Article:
- 📅 November 30, 2022 📝 Last updated on May 17th, 2023 🕒 6 minutes Read time
Two of the most fundamental variables on your business’s income statement are its bottom line and top line. The bottom line of a company tells you what that business’s net income is. On the other hand, the top line shows a business’s gross revenues —before subtracting operating expenses— from total product sales, services rendered, or both.
Top-line growth is the rise in revenue generated by a business’s primary commercial activities. The bottom line “growth,” by contrast, reveals how well a business manages its spending and operational costs.
In this post, we define the bottom line and top line, examine how they vary, go through strategies for expanding each, and demonstrate how to compute the bottom line using the top line.
What Is the Top Line?
The phrase “top line” refers to a business’s revenue figures because revenues are listed at the top of an income statement. When a business experiences “top-line growth,” it means that its revenues or gross sales have increased. To increase your business’s top line:
- Invest in converting new prospects into paying customers through advertising.
- Expand into new and untapped markets y offering new products or services.
- Improve the quality of your deliverables to organically generate word-of-mouth advertising and repeat business.
- Raise the price of your products and services; if done right this can raise consumers’ perception of the quality of your products and services all on its own.
The top line reflects how well the business generates sales. It is a straightforward gross sales figure that shows how much money the business made within a specific time frame. Potential operating inefficiencies that impact the company’s bottom line are not taken into account when making top-line-only analyses. As a result, the top line does not account for costs paid by the business to produce products, such as the cost of goods sold (COGS). Neither does it reflect the impact of any discounts or reductions from returns.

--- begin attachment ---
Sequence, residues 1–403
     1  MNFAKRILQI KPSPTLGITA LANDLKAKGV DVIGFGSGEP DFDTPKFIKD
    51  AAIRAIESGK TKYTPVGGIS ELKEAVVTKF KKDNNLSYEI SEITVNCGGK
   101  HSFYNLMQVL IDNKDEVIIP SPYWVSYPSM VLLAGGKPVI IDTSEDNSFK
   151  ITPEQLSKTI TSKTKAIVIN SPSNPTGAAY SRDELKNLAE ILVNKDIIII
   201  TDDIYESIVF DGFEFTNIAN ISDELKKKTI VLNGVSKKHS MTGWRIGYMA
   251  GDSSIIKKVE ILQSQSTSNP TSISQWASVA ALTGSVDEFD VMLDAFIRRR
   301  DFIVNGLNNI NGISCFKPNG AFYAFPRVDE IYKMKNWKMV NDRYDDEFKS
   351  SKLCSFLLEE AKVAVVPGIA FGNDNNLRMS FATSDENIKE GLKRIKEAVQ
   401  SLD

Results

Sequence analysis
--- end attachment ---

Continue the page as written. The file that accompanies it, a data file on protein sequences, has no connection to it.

What Does Top Line Revenue Mean?
Businesses in their early stages usually need to focus on growth at all costs. Quickly increasing top-line growth as much as possible lets a business gain market share and take advantage of the market potential, both of which are enticing to investors.
Based on how you analyze the business’s revenue statistics, you can use top-line data to help sales and marketing determine whether their target market is being reached, whether their sales strategies are effective and whether their advertisements and marketing efforts are producing new leads that actually result in sales.
What Is the Bottom Line in Business?
The “bottom line” is so-called because net income is frequently the last number shown on an income statement. In other words, the bottom line of business ventures is defined as the business’s bottom line revenue minus expenses, such as:
- Interest on debts
- Fixed costs for administration and overhead
- COGS, including labor and materials
- Depreciation and amortization
- Income taxes
The term “bottom line” can also refer to a business’s net earnings or profits.